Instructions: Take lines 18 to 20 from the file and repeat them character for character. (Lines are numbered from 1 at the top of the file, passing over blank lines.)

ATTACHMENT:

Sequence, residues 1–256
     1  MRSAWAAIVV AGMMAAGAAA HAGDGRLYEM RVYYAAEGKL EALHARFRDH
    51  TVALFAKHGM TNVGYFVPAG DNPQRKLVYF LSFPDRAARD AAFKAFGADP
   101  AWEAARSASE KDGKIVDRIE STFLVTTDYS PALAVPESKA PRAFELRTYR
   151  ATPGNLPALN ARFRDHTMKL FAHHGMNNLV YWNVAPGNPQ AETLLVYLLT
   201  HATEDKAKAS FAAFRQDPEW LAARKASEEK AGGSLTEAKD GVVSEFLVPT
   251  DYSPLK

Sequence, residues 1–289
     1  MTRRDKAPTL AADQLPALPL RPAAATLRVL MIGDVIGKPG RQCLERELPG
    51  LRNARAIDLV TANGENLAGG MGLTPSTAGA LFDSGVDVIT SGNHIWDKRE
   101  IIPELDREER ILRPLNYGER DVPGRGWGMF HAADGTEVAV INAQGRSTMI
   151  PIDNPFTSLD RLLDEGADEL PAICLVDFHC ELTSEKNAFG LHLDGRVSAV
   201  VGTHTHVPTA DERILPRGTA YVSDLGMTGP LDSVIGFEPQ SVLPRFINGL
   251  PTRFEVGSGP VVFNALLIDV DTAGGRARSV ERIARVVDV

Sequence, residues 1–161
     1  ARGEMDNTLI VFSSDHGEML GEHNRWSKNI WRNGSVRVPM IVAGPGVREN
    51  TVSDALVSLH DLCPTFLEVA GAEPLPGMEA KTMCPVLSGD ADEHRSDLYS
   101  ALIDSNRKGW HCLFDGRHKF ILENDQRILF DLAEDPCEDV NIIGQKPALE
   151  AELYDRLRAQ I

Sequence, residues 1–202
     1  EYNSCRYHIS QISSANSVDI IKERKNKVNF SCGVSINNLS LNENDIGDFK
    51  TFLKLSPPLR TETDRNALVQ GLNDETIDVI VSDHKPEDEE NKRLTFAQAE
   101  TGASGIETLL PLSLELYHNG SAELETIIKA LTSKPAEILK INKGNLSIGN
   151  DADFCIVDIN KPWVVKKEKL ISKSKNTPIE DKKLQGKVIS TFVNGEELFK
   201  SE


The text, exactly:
   101  ALIDSNRKGW HCLFDGRHKF ILENDQRILF DLAEDPCEDV NIIGQKPALE
   151  AELYDRLRAQ I

Sequence, residues 1–202